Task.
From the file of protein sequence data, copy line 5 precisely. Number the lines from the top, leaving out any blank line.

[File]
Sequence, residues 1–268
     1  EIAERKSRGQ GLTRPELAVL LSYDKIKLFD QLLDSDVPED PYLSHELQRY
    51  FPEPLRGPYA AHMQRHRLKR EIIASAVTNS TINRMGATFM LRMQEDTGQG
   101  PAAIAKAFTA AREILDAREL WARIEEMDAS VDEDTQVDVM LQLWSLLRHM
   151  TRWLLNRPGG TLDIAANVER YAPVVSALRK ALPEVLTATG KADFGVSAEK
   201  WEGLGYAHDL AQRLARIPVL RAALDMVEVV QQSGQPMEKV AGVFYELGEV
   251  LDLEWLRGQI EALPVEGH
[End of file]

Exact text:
   151  TRWLLNRPGG TLDIAANVER YAPVVSALRK ALPEVLTATG KADFGVSAEK